Scientists rolling along with cure for motion sickness

April 29, 1992|By Rick Weiss | Rick Weiss,New York Times News Service

It can happen in the back seat of an automobile or in the first class cabin of a trans-Atlantic flight. Wherever it strikes, an estimated 90 percent of American adults at some point in their lives meet that bane of travel: motion sickness.

For the 10 million to 15 million adults who encounter it regularly when they travel, dream vacations turn into nightmares. And the syndrome's debilitating symptoms are a constant threat to pilots, Navy crews and astronauts.

But now help is on the horizon.

Using contraptions that even an amusement-park fanatic would have trouble enjoying, scientists have recently identified many of the perceptual, neurological and hormonal components of this loathsome gastric disturbance.

The research could pay off with new drugs not only for motion sickness but also for morning sickness in pregnant women and for nausea in cancer patients on chemotherapy.

While many scientists now agree on an evolutionary explanation for why motion often leads to nausea, recent studies indicate that some people harbor genes that make them particularly susceptible to motion-induced queasiness.

And in research that has particular appeal to drug-shy tourists, scientists will report this summer that a technique resembling acupuncture without needles is a very effective means of preventing motion-induced nausea.

Most of the latest research is still too new to have an impact on this year's summer vacation. And while several drugs are available to prevent motion sickness, many a veteran traveler will testify that there is plenty of room for improvement.

The most effective drugs have a tendency to make people drowsy and can cause blurred vision, dizziness, nausea and vomiting -- the very symptoms they are meant to prevent.

"There are embarrassingly few good drugs for motion sickness," said Dr. Kenneth L. Koch, a gastroenterologist who specializes in the syndrome at Hershey Medical Center in Pennsylvania.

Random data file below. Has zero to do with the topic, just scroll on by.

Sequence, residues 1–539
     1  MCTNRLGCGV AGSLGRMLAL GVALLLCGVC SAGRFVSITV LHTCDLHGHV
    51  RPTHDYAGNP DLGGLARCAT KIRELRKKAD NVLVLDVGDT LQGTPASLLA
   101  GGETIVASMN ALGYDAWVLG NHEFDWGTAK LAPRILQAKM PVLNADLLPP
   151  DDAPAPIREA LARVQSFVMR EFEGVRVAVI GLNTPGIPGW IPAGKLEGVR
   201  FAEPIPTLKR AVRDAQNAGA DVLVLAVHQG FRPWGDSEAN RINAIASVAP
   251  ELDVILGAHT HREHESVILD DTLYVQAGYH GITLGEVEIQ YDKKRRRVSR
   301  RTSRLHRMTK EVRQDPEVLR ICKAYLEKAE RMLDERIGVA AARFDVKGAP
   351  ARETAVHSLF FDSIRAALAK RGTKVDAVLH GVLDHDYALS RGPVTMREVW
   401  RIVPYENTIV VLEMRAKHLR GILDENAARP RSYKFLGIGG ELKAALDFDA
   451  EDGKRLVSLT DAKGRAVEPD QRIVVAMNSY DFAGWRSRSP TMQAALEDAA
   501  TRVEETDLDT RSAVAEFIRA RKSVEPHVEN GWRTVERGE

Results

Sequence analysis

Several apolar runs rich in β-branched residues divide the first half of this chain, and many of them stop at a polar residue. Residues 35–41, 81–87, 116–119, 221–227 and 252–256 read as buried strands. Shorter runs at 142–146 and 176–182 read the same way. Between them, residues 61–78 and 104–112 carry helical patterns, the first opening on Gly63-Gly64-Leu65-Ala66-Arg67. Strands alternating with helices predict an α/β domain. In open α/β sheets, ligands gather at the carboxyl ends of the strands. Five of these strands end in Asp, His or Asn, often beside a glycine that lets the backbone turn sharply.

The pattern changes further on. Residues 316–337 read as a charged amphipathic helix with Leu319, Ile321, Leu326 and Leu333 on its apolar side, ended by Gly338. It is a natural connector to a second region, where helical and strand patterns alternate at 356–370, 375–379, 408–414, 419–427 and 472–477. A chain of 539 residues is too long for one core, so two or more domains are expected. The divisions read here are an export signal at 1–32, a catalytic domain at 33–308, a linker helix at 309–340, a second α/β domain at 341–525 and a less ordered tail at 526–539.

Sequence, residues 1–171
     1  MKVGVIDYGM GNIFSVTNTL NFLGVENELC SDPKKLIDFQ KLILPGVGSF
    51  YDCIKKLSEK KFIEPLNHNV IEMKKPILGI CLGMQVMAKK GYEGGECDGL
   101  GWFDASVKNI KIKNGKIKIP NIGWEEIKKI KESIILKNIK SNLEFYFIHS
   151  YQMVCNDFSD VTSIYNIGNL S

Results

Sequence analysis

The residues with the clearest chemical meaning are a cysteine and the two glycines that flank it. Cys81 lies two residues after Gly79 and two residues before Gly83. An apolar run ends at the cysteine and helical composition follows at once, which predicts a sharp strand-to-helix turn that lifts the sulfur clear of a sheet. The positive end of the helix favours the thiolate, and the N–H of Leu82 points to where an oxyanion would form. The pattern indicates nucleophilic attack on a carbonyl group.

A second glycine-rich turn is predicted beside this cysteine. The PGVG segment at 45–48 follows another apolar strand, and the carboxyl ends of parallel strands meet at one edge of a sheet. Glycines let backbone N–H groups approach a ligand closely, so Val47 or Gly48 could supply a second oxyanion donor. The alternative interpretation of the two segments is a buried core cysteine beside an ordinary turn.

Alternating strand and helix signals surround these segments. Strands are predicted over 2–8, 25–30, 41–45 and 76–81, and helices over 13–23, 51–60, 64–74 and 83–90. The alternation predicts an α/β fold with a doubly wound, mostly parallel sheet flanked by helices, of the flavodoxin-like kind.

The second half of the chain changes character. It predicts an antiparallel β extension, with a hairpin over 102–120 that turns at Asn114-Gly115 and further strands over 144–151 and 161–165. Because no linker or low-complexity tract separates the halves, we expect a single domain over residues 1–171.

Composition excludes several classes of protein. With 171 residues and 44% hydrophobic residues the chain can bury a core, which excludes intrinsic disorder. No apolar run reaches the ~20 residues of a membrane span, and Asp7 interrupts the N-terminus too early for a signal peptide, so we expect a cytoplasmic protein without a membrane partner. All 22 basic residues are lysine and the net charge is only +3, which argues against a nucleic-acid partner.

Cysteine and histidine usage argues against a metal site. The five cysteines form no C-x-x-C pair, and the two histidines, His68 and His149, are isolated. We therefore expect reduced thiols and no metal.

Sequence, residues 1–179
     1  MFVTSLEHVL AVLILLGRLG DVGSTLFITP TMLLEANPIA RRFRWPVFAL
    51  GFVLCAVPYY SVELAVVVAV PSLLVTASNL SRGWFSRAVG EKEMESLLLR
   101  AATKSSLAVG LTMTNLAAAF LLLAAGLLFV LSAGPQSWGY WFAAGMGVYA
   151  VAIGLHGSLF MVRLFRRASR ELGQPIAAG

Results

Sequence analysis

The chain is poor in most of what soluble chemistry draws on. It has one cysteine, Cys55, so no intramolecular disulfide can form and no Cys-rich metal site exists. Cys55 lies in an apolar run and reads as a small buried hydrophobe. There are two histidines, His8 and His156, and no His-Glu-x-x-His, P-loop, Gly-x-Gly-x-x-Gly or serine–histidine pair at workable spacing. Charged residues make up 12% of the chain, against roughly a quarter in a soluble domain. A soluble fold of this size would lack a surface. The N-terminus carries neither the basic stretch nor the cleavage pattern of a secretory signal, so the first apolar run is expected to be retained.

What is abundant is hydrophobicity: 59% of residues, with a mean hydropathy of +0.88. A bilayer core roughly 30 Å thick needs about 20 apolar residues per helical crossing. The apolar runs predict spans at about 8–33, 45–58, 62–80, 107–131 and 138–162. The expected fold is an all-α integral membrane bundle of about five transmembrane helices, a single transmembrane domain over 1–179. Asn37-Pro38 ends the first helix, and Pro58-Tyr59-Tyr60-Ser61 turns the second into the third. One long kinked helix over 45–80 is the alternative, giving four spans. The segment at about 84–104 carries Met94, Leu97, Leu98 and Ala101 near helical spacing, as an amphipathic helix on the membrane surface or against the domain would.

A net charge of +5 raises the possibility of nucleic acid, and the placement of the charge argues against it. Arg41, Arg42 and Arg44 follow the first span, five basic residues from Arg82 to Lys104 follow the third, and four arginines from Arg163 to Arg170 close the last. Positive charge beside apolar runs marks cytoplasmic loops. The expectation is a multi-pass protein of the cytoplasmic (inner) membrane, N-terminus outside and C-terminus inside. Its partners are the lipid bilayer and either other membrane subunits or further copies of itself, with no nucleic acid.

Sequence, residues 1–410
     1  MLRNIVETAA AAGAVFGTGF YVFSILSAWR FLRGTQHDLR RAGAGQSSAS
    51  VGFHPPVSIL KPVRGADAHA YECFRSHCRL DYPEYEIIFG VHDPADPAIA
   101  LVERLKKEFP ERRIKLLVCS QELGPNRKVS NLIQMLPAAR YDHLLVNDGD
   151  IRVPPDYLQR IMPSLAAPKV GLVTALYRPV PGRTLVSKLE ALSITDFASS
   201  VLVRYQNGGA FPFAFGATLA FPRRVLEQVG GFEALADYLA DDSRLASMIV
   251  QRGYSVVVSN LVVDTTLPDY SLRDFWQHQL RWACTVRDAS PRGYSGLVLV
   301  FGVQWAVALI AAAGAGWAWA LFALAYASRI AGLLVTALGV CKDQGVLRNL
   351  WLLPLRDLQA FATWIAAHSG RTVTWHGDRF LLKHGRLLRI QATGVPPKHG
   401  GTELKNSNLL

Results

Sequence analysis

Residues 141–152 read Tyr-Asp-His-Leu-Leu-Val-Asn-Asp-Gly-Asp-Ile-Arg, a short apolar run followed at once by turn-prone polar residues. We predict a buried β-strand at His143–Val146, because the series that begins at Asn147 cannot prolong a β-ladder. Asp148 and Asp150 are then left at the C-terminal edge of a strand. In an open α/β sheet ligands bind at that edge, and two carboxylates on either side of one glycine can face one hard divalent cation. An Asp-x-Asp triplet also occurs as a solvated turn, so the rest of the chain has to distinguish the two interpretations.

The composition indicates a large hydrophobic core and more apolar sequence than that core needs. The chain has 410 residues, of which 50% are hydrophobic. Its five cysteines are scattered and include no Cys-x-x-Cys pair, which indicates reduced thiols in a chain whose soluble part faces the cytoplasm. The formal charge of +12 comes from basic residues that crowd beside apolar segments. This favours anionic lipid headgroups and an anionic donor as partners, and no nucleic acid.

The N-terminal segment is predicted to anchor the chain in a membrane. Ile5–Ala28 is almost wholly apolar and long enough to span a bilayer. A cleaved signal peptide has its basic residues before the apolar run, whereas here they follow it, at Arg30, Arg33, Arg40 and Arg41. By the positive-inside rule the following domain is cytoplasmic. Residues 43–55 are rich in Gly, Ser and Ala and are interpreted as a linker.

Although associated today with modern modes of travel, motion sickness is an age-old problem. The word nausea has roots in the ancient Greek word for ship, and Hippocrates linked motion sickness to jostling of the guts.

Napoleon is said to have abandoned plans for a dromedary corps in Egypt after being advised of the ill effects of the camel's gait on the rider's stomach.

But motion sickness turns out to be more in the mind than in the stomach. The problem, said Dr. Koch, is one of a sensory mismatch in the brain in which the vestibular system of the inner ear sends messages about body position and movement that contradict information relayed by the eyes.

Inside the cabin of a rocking boat, for example, the inner ear detects changes in linear and angular acceleration as the body bobs with the movement of the boat. But since the cabin moves with the passenger, the eyes register a relatively stable scene.

Agitated by this perceptual incongruity, the brain responds with a cascade of stress-related hormones that can ultimately lead to nausea and vomiting.

Similarly, astronauts in orbit can see that they are drifting about in the cabin of their spacecraft. But their inner ears, which cannot detect motion without gravity, remain convinced that the body is perfectly still.

To study the physiology of motion sickness under controlled conditions, Dr. Koch has worked with a Penn State psychologist, Dr. Robert M. Stern, and others, using a device that induces an illusion of motion.

Subjects sit on a stool inside a large vertical drum that has black and white vertical stripes painted on the inside.

The drum rotates around the individual about once every six seconds, and in less than a minute the person develops a visual sensation that it is he or she, rather than the drum, that is moving.

At the same time, the inner ear and various pressure receptors in the body tell the brain that the body is sitting still.

By asking subjects to report their feelings during a period of up to 15 minutes, and by measuring neurooendocrine activity and gastric muscle stimulation with catheters and fixed electrodes, scientists have created a detailed picture of the events that lead up to the headache, the sweaty palms, the disequilibrium and the rising thickness at the back of the throat.

They have found that even before feelings of nausea arise, the physiological responses of those who will get sick differ from those of people who will not.

Those who will develop motion-induced nausea secrete increasing amounts of the stress hormones epinephrine and norepinephrine early in the onset of a motion experiment.

After a few more minutes, levels of another hormone, vasopressin, climb to very high levels in the blood, and electrical rhythms in the stomach muscles "go bonkers," Dr. Koch said.

Instead of the usual three waves of electricity that typically lumber from the top of the stomach down to the small intestine each minute, the rate accelerates to as high as nine per minute.

Ultimately, said Dr. Koch, "the body says, 'OK, we can't take this anymore. We have to do something.' " The stomach engages in that all too familiar series of vigorous convulsions known in scientific vernacular as "reverse peristalsis."

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